A Semio-Communicational Analysis of Othering Social Plurality within the “Diversity’s Rhetoric” in the French Organizations’ Discourses

Bruneel, Emmanuelle.
This article aims to report on the way «diversity’s contemporary rhetoric» is considering the issue of social plurality and, doing so, reconfiguresthe ins and outs. Its recurrent uses in different sorts of public discourses (the one about «corporate social and environmental responsibility») allows us to examine «diversity» in terms of what that concept intends to focus on. Our analysis is a political one and is situated within the field of information and communication sciences insofar as it aims to approach the mediations of «diversity» as a social concept.Thus, our intention is to seize the contemporary social sayings about «diversity» and to characterize the concept within its discursive and visual existence. Conveyed by several institutional discourses via expressions such as «promote», «respect» or even «include diversity», this formulation seems ambiguous. It appears as a desire to gather the plurality of all «differences» and it aims to represent the plurality ofsociety while […]

Diversity and Super-Diversity in between Policy and Academia: a Critical Reading

Doytcheva, Milena.
Focusing at its starting point at the emergence of the concept of (super-) diversity in policy and academia, the article challenges the alleged theoretical and epistemic changes introduced by this new paradigm (Vertovec 2007) in the studies of race and ethnicity, pluralistic democracies, and even « multiculture » (Back 1994 ; Hall 1999). First we critically examine the main innovations claimed by the model, replacing them in a broader context of a posited « return of assimilation » (Brubaker 2001). Second we examine other sources of criticism, based for instance on empirical scrutiny and evidence from public policies analysis. We consider in conclusion the hypothesis of « whitening » (Bilge 2013) diversity and question thepossibility to invest the concept not normatively but critically, namely through athorough articulation to the principle of nondiscrimination

Subversive Paradigms of the Subject in Nan Goldin’s queer Photography: Human Plurality and Epistemological Revisions

Grué, Mélanie.
This article associates discourses on the subject, the sociology of photography and Nan Goldin’s work, and argues that the photographer questions gender paradigms leading to the definition of « abject » identities. As she reinvests the snapshot aesthetic and family photography, Goldin reveals the plurality of gender identities. Her photography documents the dismantling of the heterosexual couple and claims the social viability of homosexuals, transgender people and drag queens, thus rising to the status of subaltern knowledge and counter-discourse on humanity.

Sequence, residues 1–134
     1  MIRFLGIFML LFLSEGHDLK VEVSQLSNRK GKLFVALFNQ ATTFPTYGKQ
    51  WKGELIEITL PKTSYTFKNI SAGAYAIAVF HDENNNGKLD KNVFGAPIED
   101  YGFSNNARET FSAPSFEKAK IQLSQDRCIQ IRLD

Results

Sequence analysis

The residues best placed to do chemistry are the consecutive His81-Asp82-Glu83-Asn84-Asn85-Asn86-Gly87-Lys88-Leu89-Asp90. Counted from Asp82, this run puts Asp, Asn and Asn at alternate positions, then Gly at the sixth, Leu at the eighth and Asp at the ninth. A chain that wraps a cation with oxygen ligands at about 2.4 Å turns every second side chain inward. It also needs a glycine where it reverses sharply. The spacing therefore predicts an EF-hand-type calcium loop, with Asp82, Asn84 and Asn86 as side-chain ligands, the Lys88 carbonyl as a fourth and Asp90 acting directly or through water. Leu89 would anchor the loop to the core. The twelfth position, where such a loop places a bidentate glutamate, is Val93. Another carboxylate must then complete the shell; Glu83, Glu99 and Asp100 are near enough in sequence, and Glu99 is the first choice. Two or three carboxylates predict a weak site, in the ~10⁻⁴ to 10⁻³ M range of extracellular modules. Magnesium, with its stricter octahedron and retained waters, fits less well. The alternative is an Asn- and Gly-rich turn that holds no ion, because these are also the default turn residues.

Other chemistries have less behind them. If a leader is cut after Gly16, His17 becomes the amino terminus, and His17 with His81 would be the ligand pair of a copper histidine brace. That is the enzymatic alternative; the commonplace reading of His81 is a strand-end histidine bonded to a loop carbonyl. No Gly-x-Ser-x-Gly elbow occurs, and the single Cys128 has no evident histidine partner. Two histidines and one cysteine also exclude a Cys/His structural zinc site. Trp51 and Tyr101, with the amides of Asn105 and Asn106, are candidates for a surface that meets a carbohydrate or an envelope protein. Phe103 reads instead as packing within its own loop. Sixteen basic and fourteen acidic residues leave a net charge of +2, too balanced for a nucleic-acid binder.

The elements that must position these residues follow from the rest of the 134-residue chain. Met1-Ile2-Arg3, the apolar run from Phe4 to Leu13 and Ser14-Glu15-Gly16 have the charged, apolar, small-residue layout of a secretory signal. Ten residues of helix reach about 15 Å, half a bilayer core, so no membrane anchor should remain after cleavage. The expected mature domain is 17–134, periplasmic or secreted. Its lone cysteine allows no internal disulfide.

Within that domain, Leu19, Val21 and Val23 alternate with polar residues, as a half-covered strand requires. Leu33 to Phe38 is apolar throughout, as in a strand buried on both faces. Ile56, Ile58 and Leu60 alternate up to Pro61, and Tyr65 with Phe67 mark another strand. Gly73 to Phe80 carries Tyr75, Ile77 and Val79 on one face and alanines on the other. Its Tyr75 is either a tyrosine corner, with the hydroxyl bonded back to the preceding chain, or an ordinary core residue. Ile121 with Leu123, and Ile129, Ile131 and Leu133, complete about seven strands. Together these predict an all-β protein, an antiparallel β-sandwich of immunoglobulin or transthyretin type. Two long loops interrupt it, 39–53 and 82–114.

Plurality of Points of Views and knowing of a Plural Reality

Compagnone, Claude.
The purpose of this article is to report the way in which the plural understandings of reality are inherent to the process of knowledge production. It alsoaims to show what it means that actors’ point of view are socially and materially situated. Relying on J.-P. Darré’s approach, Putnam’s pragmatism, as well as on linguists’ and psychologists’ works, it highlights how the relationship between reality and knowledge may be understood. It underlines that truth depends on the adequacy of knowledge to reality and emphasizes the interactional features of things. Then, it focuses on the social nature of understanding and discusses the social characterization of points of view, drawing on A. Schütz’s works.

Thinking Relatively : Franz Boas and the Concept of « Type »

Joseph, Camille.
This article focuses on the concept of « type » in Franz Boas’ work. Based on a close examination of his main anthropometrical texts, it sheds light onthe way Boas used statistical methods in order to criticize the taxonomic approach of physical anthropology. Instead, he developed a perspective where relations between types are put forward and emphasized the importance of variability and correlation phenomena. By using the plural “types”, Boas was able to consider human plasticity as a scene for borrowing and intermixture.

For a Cosmopolitan Approach of Globalization

Cicchelli, Vincenzo ; Octobre, Sylvie.
Cosmopolitanism has a long and cyclic history. Often referred to as ‘neo cosmopolitanism», its use in the current context raises a number of difficulties, both conceptual and methodological. However, by rephrasing ancient philosophical frames in sociological terms, this perspective offers a new evaluation grid for specific globalization processes, that avoids mere economistic views, providing insights regarding changes in the political, ethical, cultural and aesthetical dimensions of the link to otherness in a global world. Taking part in the «cosmopolitan turn» – which supposes new concepts and methodological tools – we propose a theoretical frame based on three scales of analysis: the dynamics of cosmopolitan culture, the institutions ofcosmopolitan governance, the processes of cosmopolitan socialization.